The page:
In the tradition of those by William Allen White and Russell Baker, Robert Cormier’s essays, originally written as newspaper columns, offering touching, humorous, and intensely personal observations and anecdotes about small-town life in America. Cormier explores those things that interest and excite him—from current events to the movies—as well as things that touch his heart—a daughter’s wedding, the shape of his mother’s hands.
“I have words to spend, and I do not always spend them wisely.” Cormier writes—a surprising confession from a novelist hailed as a master craftsman and noted for his spare and controlled prose. It is also the confession of a writer unafraid to submit to the rigors of writing under deadline and of an observer who sees with his heart as well as with his eyes. I Have Words to Spend is a splendid collection of pieces about the small-town visions and values that have particular poignancy in a time of turmoil. This is a volume to treasure and to return to over and over again.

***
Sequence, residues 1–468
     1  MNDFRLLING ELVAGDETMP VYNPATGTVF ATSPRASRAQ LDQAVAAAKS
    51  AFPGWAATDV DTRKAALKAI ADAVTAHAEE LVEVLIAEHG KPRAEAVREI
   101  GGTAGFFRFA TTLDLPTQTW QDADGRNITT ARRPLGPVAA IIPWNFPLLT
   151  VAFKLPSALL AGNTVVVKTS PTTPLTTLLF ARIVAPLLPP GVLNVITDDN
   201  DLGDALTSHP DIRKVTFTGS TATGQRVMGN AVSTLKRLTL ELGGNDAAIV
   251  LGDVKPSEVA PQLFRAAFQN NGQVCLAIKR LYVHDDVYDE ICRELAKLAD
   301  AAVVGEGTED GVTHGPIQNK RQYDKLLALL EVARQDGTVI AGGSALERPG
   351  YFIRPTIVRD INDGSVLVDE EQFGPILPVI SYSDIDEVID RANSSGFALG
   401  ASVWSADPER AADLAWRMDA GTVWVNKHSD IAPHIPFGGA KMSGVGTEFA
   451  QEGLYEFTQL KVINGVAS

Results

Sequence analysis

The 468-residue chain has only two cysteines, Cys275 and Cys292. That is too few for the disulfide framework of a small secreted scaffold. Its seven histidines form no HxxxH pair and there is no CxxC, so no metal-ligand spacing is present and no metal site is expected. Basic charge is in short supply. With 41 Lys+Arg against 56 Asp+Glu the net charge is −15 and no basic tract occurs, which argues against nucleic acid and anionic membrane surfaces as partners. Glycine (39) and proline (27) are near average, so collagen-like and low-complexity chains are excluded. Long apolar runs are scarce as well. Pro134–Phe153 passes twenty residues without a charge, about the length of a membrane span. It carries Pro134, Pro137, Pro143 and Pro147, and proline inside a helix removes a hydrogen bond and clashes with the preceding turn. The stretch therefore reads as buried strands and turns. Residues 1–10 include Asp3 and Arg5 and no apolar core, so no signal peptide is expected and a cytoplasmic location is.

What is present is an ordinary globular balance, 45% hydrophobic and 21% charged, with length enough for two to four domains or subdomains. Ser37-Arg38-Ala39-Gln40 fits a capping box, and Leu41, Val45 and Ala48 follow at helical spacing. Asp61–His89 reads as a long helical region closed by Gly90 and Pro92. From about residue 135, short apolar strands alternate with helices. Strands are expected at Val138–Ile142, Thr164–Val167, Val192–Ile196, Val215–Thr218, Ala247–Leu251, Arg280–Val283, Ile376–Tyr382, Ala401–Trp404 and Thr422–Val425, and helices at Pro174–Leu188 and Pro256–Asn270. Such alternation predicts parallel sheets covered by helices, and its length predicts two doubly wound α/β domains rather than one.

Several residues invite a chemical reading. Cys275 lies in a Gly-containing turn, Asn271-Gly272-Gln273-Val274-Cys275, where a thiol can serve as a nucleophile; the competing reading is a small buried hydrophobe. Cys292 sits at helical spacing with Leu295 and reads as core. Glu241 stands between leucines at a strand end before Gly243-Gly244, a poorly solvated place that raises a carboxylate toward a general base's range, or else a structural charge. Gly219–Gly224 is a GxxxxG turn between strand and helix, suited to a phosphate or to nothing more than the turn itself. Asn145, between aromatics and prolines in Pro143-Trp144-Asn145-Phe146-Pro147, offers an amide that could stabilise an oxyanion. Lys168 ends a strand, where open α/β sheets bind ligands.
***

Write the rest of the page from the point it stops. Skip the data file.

“Cormier’s economical style of writing stories with a twist is evident in this collection of eighty-five short essays that were originally written as newspaper columns.”—The Book Report
“I can’t remember a time, really, when I haven’t been a writer. . . . Reading and writing were the two great escapes of my life and I suppose they still are.”—Robert CormierRobert Cormier is a Margaret A. Edwards Award… More about Robert Cormier
Paperback | $12.00
Published by Delacorte Books for Young Readers Jan 01, 1994| 224 Pages| 5-1/2 x 8-1/2| ISBN 9780385312042
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